It’s Saturday morning. I have a cake to bake, a present to buy and clothes to plan for a party this afternoon. All that can wait. I am heading out for a long walk.
Children have a way of quickly putting things back in perspective for you. Some days, I get badly caught up in managing our lives, running from one chore to another, stressing about work, making plans with DH and worrying about DD. I do not realize that we are just dragging her along as we race through this maze called life. These are days that I also go off-track and fail to identify her basic needs while I figure out how to cope with bigger issues.
I am exhausted but I soldier on. I know I need a break but I have forgotten how to slow down. I cannot see if things are working to plan but I have to keep going because there is so much ground to cover in so little time. Then, just as I see my destination up ahead, she yanks at the bit and everything comes to a grinding halt. Either she fell sick or she just decided that she was sick of it all. Tantrums. Behaviour that yells out to me,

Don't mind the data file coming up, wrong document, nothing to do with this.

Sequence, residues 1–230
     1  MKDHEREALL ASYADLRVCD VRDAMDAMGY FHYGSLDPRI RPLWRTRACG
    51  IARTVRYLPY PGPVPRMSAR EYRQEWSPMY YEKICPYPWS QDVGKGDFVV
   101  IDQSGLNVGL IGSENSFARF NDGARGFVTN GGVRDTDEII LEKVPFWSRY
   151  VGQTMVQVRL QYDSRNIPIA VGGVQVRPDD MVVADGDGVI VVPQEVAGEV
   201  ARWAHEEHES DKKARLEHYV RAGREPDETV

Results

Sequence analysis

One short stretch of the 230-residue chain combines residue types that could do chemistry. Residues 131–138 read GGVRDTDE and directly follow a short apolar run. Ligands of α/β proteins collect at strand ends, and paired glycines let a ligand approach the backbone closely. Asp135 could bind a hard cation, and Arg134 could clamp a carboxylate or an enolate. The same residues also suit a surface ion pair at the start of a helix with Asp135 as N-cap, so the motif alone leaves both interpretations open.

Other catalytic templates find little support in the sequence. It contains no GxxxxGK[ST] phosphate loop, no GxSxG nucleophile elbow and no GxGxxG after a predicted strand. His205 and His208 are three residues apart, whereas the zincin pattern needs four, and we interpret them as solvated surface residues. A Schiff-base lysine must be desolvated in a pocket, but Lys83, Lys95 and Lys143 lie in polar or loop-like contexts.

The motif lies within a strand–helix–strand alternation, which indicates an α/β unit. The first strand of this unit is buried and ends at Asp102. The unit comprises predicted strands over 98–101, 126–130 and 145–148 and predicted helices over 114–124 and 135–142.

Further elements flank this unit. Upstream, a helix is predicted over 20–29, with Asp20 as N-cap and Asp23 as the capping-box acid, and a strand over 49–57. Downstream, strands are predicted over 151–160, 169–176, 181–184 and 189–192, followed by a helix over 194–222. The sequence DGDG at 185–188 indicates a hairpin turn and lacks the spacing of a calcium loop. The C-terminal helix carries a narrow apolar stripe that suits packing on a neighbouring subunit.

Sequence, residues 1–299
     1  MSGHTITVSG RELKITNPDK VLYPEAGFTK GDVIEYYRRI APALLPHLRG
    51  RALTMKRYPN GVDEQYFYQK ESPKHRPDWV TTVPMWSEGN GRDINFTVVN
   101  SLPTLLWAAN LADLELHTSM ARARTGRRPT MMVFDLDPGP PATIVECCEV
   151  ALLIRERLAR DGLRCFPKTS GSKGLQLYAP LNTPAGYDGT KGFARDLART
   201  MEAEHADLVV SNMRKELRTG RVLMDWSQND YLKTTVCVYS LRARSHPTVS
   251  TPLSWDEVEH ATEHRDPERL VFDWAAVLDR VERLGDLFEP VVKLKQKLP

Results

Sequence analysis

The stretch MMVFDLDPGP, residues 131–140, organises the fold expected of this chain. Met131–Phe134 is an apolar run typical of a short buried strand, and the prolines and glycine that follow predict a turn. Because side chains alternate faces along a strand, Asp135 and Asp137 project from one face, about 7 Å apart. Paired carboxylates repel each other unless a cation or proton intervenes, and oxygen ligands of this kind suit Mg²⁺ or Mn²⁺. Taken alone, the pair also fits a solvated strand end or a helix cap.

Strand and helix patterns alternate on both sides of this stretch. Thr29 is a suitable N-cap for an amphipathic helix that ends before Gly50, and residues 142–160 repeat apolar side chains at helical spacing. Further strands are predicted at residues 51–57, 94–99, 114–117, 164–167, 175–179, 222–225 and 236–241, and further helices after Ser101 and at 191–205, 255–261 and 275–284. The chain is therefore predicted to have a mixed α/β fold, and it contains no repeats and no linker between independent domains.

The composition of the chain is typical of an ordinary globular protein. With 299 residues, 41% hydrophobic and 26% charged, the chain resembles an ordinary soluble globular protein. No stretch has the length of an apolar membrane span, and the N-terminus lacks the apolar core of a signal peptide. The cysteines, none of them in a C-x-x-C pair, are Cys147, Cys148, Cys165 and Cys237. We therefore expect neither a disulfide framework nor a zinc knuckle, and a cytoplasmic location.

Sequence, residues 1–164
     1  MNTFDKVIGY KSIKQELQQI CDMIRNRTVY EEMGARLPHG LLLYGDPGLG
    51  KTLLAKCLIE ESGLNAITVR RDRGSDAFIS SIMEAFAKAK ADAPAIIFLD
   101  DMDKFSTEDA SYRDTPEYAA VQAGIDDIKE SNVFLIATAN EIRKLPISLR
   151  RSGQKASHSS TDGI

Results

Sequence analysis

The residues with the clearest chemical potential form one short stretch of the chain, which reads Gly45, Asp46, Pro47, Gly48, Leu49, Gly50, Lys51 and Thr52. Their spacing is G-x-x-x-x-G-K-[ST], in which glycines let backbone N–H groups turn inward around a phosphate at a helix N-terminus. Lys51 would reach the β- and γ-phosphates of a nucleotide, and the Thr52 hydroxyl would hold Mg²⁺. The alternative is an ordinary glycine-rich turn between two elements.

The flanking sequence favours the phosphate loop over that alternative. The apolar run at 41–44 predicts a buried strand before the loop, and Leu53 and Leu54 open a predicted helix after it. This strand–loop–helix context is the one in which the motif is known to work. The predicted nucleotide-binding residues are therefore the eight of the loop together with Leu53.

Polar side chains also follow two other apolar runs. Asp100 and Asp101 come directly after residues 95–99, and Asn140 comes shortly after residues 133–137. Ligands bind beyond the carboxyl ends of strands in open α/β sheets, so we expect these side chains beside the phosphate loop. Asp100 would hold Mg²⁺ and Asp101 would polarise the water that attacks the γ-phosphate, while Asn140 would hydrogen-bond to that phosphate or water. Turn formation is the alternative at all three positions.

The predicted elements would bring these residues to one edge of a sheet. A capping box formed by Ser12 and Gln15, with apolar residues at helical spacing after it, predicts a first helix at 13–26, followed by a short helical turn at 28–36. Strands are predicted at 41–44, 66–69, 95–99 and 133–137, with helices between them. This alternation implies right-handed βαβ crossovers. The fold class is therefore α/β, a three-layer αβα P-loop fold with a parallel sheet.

Please! Stop! I need a break!
That is all it takes to put things back into perspective for me. When she decides she has had enough and demands my attention in a way I cannot ignore, I drop everything and grab her up in my arms. I protect her, hug her and give her what she needs right then. It is a humbling experience. Suddenly, all that I have been working for seems meaningless. When she has an asthma attack, that important meeting at work or phone call to the tax consultant lose significance. All that matters is this moment with her. When she is screaming at the train station, lying on the platform and thrashing her legs, and I am trying to gather all her limbs into one big scoop, I drop everything else to concentrate on the task at hand. One slip is all it would take to have her rolling off into an accident I do not even want to imagine.
Almost always, that is enough to give me a moment to reflect. That is enough to put things back into focus. Difficult problems solve themselves just by me getting back on track and make me wonder why I don’t stop more often. Having a baby has made me realize that I can actually get off the race tracks and drive slower, in order to enjoy the scenery. Life still goes on. Nothing falls apart when I take a minute to enjoy the smell of wet mud after the rains. I watch my daughter gingerly touch the leaves of a bush outside our gate, that I’d never really noticed. She is right. Thank God for her. I have been given another shot at living life, not merely existing.